Police are studying 190 incidents of suspected bogus electoral registration in Bordesley Green - one of the wards at the centre of Birmingham's 2004 postal vote scandal.
Specialist investigators analysing trends of registration to vote by post in today's city council elections said there were grounds to suspect fraudulent activity.
The police statement followed the arrest last week of Mohammed Khan, the Liberal Democrat candidate for Nechells, on suspicion of committing postal vote fraud.
Mr Khan, who lives in Bordesley Green, was questioned by police along with his wife, Naseem Akhtar, who was arrested on suspicion of conspiracy to defraud the electoral process.
Both were granted police bail until June and have denied any wrongdoing.
Bordesley Green and Nechells are at the heart of an intense battle for votes between Labour and the Liberal Democrats, with both parties fighting to win in the Asian-dominated inner city wards.
Five separate police inquiries into suspected postal vote fraud in Birmingham are taking place.
However, despite intense police activity in recent weeks, no one has yet been charged with an offence.
The police were unable to bring prosecutions in 2004, when an election court uncovered widespread ballot-rigging and fraud by Labour councillors and supporters in Bordesley Green and Aston.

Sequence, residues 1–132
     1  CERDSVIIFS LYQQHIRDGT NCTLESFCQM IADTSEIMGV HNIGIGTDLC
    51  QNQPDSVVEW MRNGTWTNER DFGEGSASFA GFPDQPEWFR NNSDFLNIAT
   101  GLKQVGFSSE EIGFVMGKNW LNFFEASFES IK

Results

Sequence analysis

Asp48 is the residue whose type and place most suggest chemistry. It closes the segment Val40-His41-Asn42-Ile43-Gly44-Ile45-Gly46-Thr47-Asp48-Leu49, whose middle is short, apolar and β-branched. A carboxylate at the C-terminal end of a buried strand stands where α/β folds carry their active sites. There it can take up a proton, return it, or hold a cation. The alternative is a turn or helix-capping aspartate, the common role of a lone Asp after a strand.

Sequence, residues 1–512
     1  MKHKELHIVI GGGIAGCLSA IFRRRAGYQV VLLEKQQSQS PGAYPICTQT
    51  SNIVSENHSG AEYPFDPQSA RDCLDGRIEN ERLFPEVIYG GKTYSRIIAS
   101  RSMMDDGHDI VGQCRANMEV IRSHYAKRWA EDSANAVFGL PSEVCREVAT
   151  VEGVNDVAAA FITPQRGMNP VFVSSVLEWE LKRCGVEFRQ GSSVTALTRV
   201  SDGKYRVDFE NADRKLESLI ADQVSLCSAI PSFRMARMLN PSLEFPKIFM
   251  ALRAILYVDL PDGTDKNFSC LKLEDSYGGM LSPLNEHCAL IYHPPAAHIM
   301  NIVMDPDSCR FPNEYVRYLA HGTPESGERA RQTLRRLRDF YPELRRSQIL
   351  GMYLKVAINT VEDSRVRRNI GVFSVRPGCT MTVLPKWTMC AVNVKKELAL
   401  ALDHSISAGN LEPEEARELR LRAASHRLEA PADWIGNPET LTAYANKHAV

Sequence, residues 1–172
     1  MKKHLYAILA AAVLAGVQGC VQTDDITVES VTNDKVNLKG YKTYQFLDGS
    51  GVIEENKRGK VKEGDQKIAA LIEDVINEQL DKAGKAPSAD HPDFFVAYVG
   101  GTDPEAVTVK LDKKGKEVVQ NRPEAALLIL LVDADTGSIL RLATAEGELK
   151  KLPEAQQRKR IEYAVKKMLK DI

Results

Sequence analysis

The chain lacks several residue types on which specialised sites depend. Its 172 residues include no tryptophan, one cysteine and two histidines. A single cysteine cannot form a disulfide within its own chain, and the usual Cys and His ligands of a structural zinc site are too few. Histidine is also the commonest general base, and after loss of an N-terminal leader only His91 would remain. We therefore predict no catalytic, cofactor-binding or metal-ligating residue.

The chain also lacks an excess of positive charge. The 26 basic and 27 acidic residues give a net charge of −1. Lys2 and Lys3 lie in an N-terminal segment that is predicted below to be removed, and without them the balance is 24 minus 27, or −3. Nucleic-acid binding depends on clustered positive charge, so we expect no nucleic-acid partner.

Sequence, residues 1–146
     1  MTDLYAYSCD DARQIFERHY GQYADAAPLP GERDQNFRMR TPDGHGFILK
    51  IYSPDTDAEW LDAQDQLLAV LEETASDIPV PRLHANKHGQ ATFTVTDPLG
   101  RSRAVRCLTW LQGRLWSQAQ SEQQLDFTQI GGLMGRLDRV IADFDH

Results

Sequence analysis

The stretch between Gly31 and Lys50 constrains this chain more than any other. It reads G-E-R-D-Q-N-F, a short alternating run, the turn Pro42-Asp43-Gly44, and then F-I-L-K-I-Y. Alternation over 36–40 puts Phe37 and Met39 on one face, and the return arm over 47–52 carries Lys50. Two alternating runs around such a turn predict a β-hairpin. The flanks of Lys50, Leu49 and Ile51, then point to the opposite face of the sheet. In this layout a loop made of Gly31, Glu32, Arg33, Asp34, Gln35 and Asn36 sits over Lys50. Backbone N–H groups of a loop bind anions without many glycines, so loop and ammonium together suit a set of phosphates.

A high court judge likened Birmingham to a banana republic, prompting the police and council to redouble their efforts to tackle fraud.
West Midlands assistant chief constable Stuart Hyde confirmed last night that he would respond to a request from Mike Whitby, the leader of Birmingham City Council, for special patrols to guard polling stations.
Mr Hyde said the necessity for a police presence would be determined on a case by case basis.
He said the police would continue to work closely with the council to identify ballot riggers. Anyone trying to vote in a false name would be committing a criminal offence and dealt with accordingly.
Mr Hyde added: "This is evidence of the close working relationship between ourselves, our partner agencies and the electoral registration office.
"Everything reasonably possible will be done to bring to justice those who commit election fraud."
The number of postal vote applications in Birmingham stands at 58,000, down from the record 70,000 in 2004.
However, there have been increases of up to 30 per cent in five wards.